As for the unemployment rate, not much change is expected there over the next year. The average among the economists is put at 4.8% a year down the road, compared with the 4.9% rate reported for January. Still, we’re at levels considered close to “full employment.”

“Despite all the volatility in the financial markets, the U.S. economy remains on solid ground,” says Bernard Baumohl, chief global economist at The Economic Outlook Group.

Economic growth: The outlook for growth remains fairly subdued and down from previous surveys. The average for annualized gross domestic product, or GDP, over the next year came in at 2.25%. About three-quarters of the group see growth averaging 2.5% or less in the next 12 months.

“Business investment is hampered by the decline in the energy sector, but effect should diminish. The question is whether consumers will get spooked by the stock market’s wild ride in Q1,” says Amy Crews Cutts, chief economist for Equifax.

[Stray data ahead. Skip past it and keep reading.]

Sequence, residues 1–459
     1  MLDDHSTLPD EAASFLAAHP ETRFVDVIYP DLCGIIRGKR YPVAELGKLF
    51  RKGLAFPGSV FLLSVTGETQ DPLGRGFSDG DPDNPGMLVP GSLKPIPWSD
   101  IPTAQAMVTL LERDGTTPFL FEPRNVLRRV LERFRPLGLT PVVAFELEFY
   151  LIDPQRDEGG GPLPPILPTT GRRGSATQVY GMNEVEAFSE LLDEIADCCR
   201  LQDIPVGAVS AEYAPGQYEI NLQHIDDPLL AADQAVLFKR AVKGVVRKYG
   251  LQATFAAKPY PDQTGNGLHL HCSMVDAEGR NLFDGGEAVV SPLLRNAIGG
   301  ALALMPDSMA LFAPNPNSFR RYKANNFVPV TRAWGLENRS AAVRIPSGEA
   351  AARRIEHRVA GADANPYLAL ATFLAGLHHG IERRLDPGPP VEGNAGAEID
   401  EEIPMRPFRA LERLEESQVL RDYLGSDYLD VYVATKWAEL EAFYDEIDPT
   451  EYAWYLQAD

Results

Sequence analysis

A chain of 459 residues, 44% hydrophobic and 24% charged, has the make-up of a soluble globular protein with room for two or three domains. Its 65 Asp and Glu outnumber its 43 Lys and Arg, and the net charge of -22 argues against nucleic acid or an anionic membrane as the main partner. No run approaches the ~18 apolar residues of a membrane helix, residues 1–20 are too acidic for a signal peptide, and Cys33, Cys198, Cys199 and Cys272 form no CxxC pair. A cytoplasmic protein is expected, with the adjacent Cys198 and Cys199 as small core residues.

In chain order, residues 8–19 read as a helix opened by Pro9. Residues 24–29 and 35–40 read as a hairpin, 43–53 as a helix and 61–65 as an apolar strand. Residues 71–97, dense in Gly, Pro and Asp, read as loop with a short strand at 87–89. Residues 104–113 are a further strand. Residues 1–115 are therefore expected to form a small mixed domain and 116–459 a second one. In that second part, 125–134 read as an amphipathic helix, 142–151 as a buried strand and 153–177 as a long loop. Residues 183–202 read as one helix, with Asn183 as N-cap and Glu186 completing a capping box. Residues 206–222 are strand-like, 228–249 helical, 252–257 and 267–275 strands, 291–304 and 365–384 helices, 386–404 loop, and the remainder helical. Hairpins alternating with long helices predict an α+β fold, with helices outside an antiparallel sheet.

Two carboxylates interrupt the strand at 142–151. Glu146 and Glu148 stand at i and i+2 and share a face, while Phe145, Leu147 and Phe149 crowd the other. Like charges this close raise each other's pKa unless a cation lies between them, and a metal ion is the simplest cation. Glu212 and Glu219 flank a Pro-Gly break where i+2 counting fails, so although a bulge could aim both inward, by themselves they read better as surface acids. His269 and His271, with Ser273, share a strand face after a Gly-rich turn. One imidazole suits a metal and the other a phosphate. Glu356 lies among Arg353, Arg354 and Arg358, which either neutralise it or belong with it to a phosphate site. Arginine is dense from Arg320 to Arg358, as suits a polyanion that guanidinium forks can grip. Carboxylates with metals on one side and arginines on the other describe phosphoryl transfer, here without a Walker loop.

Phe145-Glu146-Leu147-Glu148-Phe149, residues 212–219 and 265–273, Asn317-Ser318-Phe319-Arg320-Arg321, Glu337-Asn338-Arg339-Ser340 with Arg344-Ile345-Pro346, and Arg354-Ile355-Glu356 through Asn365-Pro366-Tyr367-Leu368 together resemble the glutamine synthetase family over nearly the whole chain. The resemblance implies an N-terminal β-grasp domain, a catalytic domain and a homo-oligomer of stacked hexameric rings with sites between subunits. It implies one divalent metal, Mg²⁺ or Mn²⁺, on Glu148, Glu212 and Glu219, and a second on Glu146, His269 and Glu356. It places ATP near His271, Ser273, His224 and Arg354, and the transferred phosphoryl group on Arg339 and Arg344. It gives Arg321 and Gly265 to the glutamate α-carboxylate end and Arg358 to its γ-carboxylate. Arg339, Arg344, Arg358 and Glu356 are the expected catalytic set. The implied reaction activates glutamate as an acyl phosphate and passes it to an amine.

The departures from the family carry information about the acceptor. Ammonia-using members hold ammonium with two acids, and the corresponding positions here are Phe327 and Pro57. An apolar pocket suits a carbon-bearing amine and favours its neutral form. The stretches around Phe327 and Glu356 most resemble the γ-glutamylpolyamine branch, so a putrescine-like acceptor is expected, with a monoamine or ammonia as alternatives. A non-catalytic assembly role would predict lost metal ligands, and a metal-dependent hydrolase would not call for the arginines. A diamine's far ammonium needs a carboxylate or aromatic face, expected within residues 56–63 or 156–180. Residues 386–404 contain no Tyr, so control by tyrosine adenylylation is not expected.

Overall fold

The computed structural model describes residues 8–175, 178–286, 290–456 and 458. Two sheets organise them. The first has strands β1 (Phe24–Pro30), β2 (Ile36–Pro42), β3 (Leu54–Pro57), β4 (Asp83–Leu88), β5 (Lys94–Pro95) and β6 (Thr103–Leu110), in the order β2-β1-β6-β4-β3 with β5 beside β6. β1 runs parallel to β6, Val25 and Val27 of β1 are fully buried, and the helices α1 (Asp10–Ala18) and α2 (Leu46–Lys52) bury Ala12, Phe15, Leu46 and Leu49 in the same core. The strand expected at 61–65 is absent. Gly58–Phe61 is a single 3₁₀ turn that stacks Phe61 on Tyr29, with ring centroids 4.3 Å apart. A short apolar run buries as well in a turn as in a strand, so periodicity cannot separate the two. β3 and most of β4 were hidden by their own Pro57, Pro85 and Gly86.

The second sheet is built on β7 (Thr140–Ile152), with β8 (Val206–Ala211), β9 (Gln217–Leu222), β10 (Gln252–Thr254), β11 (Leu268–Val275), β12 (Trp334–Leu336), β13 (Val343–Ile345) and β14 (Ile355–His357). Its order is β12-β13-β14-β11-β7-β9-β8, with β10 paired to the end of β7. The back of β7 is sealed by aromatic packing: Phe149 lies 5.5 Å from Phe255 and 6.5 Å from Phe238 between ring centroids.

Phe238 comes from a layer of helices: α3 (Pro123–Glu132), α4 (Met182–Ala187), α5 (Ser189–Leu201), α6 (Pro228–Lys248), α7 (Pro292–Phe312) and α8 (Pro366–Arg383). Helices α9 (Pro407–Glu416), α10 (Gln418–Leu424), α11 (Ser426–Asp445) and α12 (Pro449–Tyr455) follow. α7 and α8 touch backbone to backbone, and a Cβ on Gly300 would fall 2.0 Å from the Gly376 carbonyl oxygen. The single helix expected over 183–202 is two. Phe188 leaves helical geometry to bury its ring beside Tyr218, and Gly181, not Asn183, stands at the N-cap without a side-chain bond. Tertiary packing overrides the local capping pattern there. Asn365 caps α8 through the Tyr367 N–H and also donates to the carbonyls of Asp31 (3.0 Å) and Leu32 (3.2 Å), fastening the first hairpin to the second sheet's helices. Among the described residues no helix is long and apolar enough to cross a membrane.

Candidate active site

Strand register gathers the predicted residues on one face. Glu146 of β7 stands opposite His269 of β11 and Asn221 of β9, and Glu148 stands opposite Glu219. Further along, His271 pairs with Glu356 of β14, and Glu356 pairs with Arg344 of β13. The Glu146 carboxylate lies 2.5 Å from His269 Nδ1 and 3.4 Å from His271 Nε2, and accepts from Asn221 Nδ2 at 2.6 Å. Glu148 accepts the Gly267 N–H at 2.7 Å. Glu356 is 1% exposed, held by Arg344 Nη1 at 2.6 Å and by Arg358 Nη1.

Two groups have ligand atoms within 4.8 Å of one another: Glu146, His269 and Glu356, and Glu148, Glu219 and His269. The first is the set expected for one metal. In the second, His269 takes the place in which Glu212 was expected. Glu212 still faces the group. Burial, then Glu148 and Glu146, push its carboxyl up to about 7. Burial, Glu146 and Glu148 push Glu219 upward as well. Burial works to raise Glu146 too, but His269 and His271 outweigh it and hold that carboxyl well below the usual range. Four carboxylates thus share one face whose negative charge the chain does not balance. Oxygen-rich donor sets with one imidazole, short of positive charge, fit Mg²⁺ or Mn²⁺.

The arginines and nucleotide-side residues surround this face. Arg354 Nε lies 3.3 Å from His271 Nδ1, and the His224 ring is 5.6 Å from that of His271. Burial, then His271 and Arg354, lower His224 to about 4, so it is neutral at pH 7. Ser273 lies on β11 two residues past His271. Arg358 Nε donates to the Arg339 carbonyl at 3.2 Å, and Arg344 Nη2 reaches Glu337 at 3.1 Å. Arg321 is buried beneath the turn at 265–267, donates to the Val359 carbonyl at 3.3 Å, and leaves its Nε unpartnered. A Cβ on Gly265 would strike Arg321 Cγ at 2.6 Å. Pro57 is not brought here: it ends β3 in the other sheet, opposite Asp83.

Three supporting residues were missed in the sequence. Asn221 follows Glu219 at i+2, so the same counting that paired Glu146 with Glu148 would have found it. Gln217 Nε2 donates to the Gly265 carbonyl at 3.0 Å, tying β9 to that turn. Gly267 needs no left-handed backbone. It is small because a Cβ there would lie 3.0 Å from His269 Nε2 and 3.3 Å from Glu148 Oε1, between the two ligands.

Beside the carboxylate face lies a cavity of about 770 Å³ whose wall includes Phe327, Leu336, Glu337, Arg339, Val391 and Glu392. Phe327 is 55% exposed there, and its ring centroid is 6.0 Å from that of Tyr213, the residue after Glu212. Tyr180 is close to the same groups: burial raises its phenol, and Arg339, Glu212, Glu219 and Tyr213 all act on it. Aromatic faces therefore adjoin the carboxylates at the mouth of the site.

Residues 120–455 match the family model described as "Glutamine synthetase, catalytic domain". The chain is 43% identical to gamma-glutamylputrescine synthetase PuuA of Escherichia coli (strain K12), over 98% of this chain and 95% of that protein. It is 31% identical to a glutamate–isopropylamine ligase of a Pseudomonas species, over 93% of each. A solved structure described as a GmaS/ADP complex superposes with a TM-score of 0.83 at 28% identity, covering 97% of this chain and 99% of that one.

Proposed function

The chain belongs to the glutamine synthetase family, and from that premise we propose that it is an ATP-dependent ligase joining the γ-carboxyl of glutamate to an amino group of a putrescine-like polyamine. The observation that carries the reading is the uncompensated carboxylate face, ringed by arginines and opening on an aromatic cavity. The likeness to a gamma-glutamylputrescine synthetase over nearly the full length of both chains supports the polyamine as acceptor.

The range of forecasts also took a bit of a hit, now at 1.1% to 3.1% compared with the 2% to 3.15% range given by economists surveyed late last year.

10-year Treasury yield: There are rates set by the Federal Reserve and then there are those determined in the marketplace. The outlook for the 10-year Treasury yield marked a significant gearing down from the previous survey. What will be driving it in the year ahead?

“Volatility in the stock market is likely to continue as the economy adjusts to permanent downsizing in the energy sector and China’s dramatic slowdown. Investors will flee to bonds for safety until the picture clarifies,” says Seth Harris, a distinguished scholar at Cornell University’s School of Industrial & Labor Relations and counsel at global law firm Dentons. Harris’ own forecast for the year is for the yield to be at 2%, close to where it has been recently.

The average forecast for the yield a year from now is 2.46%, up from current levels, but down compared with estimates of 2.89% in the last survey and 2.92% in the 3rd quarter’s survey. The 10-year Treasury yield serves as a basis for mortgage interest rates and also is a gauge of overall investor confidence.

Written by
Mark Hamrick
Washington Bureau Chief
Mark Hamrick is Washington Bureau Chief for Bankrate. He is a national award-winning business and financial news journalist.